Reality TV phenomenon Love Island has returned to ITV for its first winter series, and is already providing viewers in the UK with a window into the love lives of the show’s beautiful contestants.
While the show has had its fair share of controversies, it is essential for ITV’s business model. Estimates suggest that the TV company generated more than £77 million in ad revenue from the series last year and is keen to cash in on that success again.
Launching the show in the depths of winter, however, is seen as a risk by many. Last year, the show capitalised in summer-related products with a Superdrug sponsorship advertising sunscreen and Jet2 ads for cheap flights. This year, that is no longer an option.
ITV, therefore, is looking for new opportunities to generate revenue through the show. Company commercial director Simon Daglish says that the TV channel has “had to take a different view.” It’s no longer about summer, sand, and holidays. Love Island has to generate money through different means.
To this end, ITV has signed agreements with both Universal Music and Spotify to work together for purposes of mutual promotion. Universal Music will provide music from its cadre of artists and deploy songs during particular types of scenes throughout the series. Spotify will also benefit from co-branded ads through ITV’s on-demand digital service, forwarding viewers to the “Sounds of Love Island” playlist on the music giant’s platform.
With these agreements, ITV is taking integration with third-party sponsors to a new level. Universal Music, for instance, must supply one of its artists to make a guest appearance on the show.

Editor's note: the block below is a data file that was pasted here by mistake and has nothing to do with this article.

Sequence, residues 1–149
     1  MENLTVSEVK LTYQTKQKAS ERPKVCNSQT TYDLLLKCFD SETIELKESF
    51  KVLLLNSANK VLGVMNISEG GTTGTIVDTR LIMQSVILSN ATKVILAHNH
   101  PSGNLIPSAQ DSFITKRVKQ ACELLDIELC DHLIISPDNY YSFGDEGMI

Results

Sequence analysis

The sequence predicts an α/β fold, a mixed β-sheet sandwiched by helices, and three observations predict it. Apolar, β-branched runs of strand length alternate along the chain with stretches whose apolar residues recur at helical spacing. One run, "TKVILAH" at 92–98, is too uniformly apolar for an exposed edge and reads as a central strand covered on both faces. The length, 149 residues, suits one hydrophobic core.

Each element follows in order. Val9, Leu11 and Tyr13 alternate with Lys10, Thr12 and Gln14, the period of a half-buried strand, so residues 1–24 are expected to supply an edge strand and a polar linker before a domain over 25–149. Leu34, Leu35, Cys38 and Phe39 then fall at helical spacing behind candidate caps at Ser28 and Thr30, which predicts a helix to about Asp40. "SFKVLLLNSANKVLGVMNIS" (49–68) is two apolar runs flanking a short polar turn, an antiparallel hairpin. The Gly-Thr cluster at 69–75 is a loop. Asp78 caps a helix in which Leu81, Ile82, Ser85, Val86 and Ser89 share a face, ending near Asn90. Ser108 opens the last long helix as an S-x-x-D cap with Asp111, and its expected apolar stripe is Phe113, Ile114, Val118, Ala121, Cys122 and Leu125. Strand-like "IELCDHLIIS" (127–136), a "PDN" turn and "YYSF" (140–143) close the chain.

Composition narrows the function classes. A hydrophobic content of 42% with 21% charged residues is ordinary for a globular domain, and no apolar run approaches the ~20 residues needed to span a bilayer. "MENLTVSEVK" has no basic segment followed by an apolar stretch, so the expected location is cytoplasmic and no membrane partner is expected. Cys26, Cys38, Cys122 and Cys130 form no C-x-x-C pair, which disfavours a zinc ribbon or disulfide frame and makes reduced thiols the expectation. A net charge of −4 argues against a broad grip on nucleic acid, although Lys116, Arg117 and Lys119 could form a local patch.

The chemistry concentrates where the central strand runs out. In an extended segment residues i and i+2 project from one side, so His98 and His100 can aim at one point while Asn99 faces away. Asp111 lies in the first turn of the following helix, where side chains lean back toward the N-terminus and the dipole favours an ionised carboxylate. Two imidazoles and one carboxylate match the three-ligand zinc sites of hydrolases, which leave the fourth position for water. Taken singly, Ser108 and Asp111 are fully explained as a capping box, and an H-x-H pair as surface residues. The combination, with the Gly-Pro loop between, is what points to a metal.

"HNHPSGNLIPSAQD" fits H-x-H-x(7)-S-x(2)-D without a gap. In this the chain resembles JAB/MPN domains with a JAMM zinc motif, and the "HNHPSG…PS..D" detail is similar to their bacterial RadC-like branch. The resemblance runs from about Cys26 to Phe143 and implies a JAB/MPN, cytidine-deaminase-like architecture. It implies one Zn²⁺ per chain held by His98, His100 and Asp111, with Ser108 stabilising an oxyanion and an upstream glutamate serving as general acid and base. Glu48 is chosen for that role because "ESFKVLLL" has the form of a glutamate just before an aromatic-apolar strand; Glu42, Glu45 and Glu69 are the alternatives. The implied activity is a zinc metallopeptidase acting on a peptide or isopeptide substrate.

ITV is also working with rising social media platform TikTok to create a series of short episodes to air in the morning to get viewers excited for the evening show. TikTok will host exclusive content for Love Island on its platform in exchange for brand exposure.
ITV knows that these agreements with Universal Music, Spotify and TikTok are a make or break moment for the company. For a television channel used to providing ad space in a particular way, these new arrangements are a big leap into the unknown.
Executives at the TV operator are hoping that their gamble will pay off. The new approach to advertising, they believe, will engage viewers for longer, make them happier and encourage them to spend money on products that they actually want.Whether a winter series will be a success is still a matter of debate. Bosses at ITV say that they are feeling confident that the show will gain traction and will deliver decent advertising performance, but they also know the risks. The hope is that Love Island will provide viewers with a form of escapism from the January blues, but this kind of programming is highly seasonal. Watching beautiful people frolicking on desert islands is usually something best reserved for the summer months – not the depths of winter. Nonetheless, these new advertising arrangements represent a bold new direction for the company and could be an indication of what we can expect in the future.